We noted in the last entry that both the Space Brothers of the 1950s and the grey aliens of 1990s abductions were, by and large, doom merchants, although their approaches to the horrors they foresaw for humanity were rather different. Like many people on Earth, the Space Brothers were concerned about the dire consequences of nuclear weapons. Forty-odd years later, like many people on Earth, the aliens were warning of environmental collapse and/or cataclysmic natural disasters; and as the year 2000 approached, the upheavals they appeared to predict became ever more severe. While the Space Brothers indicated ways we could avoid the collapse of civilisation as we knew it, the Greys simply seemed to be passing a note marked indifferently “FYI” and leaving it at that. Space Brothers, who carefully insisted on their religious credentials, were millenary prophets. Whereas, regardless of the expectations of Christian fundamentalists, the Greys were heralds of a singularly unattractive, secular apocalypse.
To clarify the distinction: an apocalyptic thinker is a gloom-monger, focusing on the tribulation, pain and destruction that precede the glories of the new millennium – which in any case, the legend went, would be entirely to the advantage of the Greys, who were going to interbreed with us and save their sickly race from extinction. A millenary overlooks the agonies of the cosmic rebirth, or omits it from his scheme of things, and simply looks forward optimistically to a new golden age of peace, joy, plenty, and glorious weather. Which sunny future, so like the kind of paradise described in Sunday schools, was ours for the having if we but listened to the Space Brothers. Like gods – or angels – the Space Brothers were watching us, and warning us, and would lock us out of Paradise if we didn’t behave. And if we didn’t behave we’d destroy the Earth.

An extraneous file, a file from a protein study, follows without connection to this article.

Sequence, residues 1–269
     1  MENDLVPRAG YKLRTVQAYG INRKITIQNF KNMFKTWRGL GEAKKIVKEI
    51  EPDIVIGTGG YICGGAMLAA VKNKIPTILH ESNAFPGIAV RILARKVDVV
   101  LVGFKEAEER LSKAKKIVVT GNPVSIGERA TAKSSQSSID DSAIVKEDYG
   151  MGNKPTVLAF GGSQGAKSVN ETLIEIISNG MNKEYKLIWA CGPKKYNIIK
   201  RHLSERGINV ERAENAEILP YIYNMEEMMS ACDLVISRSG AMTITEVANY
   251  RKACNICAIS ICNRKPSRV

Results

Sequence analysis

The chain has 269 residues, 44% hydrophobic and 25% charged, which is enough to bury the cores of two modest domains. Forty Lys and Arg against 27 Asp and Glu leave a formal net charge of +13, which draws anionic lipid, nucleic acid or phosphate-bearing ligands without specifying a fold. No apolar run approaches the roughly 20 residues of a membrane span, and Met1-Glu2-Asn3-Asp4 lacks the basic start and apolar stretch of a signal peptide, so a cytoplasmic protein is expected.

The contactees were the most conspicuous manifestation up till then of an underlying religious potential in ufology and, more particularly, of the field’s incipient, secular paranoia. With the genius of hindsight, this oft-remarked religious tendency among contactees is no longer surprising, given the background of the granddaddy of them all, George Adamski (FT160:49). We are unlikely now to know the degree of sincerity with which in the 1930s ‘Professor’ Adamski printed a business card describing him as “Speaker and Teacher of Universal Laws and the Founder of Universal Progressive Christianity, Royal Order of Tibet and the monastery at Laguna Beach”. Gareth Medway writes:
From what is known of his teachings, they bore no resemblance to either Christianity or Tibetan religion, e.g. “Universe means not just our solar system but space without circumference in which dwell billions of our solar systems. The Royal Order of Tibet is interested only in revealing what is thought to be mysteries so that they may be used practically in the present field of life where man may understand his fellow man by understanding the laws which rule all creatures, thereby awakening from the dream-life to the reality which leads to Mastery. It is an Order based on the highest and the simplest teachings in the field of Mastery…” It is evident that, even if he himself had not quite Mastered English grammar, he had Mastery of the art of using many grand words without thereby conveying any meaning.